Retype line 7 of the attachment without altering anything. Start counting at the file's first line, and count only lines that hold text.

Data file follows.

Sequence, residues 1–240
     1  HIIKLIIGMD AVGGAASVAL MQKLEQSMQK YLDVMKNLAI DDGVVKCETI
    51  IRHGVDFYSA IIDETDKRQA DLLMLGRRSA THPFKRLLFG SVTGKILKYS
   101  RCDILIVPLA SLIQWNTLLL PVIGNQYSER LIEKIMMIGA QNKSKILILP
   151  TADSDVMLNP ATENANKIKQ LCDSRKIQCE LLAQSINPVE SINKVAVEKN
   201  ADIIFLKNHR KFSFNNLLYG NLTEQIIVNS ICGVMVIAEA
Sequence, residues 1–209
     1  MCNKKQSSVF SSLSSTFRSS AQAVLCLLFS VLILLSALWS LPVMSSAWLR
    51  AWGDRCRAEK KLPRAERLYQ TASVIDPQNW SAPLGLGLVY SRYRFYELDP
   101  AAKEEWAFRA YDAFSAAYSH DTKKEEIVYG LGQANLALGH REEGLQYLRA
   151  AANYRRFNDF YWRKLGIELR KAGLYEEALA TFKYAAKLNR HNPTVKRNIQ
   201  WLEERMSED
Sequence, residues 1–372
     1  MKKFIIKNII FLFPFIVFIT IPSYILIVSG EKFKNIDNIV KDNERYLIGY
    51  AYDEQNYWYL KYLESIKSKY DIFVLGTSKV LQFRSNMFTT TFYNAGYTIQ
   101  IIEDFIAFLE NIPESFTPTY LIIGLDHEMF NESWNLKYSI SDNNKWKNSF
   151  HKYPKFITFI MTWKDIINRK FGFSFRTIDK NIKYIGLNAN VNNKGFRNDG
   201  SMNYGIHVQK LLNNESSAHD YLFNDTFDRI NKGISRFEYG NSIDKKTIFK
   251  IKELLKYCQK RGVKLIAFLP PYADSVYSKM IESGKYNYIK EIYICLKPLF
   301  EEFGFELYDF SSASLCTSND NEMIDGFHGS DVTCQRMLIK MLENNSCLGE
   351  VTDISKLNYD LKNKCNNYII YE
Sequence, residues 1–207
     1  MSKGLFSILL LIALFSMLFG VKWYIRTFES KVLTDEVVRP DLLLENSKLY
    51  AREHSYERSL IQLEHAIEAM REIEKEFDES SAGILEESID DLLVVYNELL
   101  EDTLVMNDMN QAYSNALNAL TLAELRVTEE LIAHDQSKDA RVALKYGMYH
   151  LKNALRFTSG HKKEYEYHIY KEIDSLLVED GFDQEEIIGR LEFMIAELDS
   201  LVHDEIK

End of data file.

Sequence, residues 1–209